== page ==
Faery Flight

Many faerietales are told in Ealisia. Most bards shy away from such tales as legends and songs reap more coin. Some will take the time to entertain young and old with fantastic feats, most likely of the imagination. Most likely, but not certainly.

The skies are hers! A cloud hides the world, then she breaks free of it, gazes up at the stars — there are so many! — if only for a moment, before the world pulls her down. 

Far below lies a sprawling settlement of the Vanran. None of the Alys are fond of the Vanran. Not anymore. She scans her surroundings. If they spot her here, above land they have claimed, they will hunt her. But Greatoak is her friend, and she will drop by. She promised. Besides his acorns are the sweetest in the whole world.  

She plunges towards the landscaped territory, ignoring the frosty air that creeps between feathers to bite her skin. Her heart drums harder, faster. 


She spreads her wings as wide as she can, and, calling upon the wind to carry her on, her fall bends into a glide. The world stops rushing up, instead, she swoops over rooftops, around towers, and descends into the din of a people on dusty streets.

She spots it from above. A disc that hums and groans, part spinning, part still, with its strange glowing eye that sees without looking. She shivers, then dives to gain speed, away from the dahrone, the buzz of its unnatural flight fading as the distance between them grows. That was close. 

Greatoak stands, surrounded by bushes and grass, kept short by machines the Vanran use for such things, protected by a barrier of steel and stone. As if this tree is some fiend from the Nether. Vanran tell their young strange tales. She swoops down onto its thick branches.

How do you do it? she sings to Greatoak, skipping back and forth on its sturdy arm.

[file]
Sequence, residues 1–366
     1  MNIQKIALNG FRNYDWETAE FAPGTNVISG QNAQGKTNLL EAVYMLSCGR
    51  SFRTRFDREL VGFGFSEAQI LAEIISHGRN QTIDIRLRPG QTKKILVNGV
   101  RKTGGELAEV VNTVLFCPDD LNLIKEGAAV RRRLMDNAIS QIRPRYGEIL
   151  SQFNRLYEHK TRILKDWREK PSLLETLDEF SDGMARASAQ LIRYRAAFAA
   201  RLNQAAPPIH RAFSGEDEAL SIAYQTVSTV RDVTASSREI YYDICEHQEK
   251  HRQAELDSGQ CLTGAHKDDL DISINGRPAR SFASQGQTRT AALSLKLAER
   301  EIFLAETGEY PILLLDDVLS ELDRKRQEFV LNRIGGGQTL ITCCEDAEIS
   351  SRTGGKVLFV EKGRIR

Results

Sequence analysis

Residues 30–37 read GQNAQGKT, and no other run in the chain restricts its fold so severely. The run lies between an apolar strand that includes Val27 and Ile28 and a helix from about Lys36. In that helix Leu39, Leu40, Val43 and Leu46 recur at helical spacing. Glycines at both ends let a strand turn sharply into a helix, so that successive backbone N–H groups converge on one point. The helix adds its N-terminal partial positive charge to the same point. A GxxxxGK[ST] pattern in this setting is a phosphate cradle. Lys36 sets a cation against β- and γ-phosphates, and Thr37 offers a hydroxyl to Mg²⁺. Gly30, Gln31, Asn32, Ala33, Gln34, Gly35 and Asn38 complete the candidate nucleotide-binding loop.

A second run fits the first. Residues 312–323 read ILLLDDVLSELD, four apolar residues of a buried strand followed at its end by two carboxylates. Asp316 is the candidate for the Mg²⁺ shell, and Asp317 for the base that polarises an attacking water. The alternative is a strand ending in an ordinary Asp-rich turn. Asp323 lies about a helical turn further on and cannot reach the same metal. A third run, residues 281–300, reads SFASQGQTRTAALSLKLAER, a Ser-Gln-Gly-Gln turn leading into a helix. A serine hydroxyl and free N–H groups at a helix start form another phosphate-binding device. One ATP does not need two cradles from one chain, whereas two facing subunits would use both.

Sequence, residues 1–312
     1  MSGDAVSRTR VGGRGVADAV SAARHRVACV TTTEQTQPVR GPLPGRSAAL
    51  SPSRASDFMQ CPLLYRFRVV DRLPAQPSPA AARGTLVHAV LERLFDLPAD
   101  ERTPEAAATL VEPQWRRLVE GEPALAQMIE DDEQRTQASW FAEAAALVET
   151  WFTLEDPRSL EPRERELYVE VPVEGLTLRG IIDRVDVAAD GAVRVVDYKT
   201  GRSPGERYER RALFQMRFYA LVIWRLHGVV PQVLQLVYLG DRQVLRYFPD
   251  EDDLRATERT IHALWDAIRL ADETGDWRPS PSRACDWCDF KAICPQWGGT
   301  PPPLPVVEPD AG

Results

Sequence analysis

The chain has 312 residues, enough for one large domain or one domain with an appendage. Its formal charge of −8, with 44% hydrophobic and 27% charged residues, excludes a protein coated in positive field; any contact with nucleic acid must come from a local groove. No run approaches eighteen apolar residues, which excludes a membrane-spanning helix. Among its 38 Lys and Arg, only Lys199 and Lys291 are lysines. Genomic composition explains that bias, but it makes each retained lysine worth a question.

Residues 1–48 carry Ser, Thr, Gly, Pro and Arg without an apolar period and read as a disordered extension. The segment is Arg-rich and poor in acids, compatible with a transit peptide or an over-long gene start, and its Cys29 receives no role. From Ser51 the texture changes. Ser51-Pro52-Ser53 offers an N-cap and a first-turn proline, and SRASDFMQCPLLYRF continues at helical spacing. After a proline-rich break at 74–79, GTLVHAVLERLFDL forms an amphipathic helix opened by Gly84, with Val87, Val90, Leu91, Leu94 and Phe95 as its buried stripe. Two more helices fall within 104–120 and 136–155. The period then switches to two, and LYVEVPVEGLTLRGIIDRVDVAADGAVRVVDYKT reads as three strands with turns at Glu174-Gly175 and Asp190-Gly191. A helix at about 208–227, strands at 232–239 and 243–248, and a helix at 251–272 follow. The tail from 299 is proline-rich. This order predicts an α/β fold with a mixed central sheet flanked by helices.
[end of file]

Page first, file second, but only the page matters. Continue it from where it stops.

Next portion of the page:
Do. What?

Ignore this terrific noise and the pungent smell.

Greatoak laughs, its leaves bristle, but says nothing, though its branches droop, just a little. They talk for as long as they can, but she must get home, or mother will be angry. 

I went up, far up, above the clouds today!

You. Are. Brave.

Thank you, I believe I am.

Be. Safe. Young. Breezer. They. Hunt. 

She picks one of its acorns, hops off its branch, flaps her wings, once, twice, and takes flight once more. Let them try to catch her. Up and up, but the winds are strange here, warped and twisted by man’s massive towers. She struggles to rise, and a sudden, strong gust pushes her, nearly into a wall. 

The unnatural hum overtakes her. Over her shoulder, she sees the dahrone, race closer and closer. Its furious eye a message that sends a chill down her spine. Rapid wingstrokes carry her up, a sharp turn left, skimming a wall, then right, and up again. The acorn wobbles and she bites down on it. 

The dahrone catches up with her, spits fire to scorch her wings, but she rolls around it, the world turning upside down, and back, before she pulls up into a steep rise.

Come on, she thinks, just a little further. Strong winds cross, beating her left and right, and one gale rips the acorn from her her beak. No! To save it is folly. She keeps going.  

As the dahrone’s buzz fades, she circles the sky, and watches her hunter wobble, lose momentum and tumble away.  

Today, she wins.

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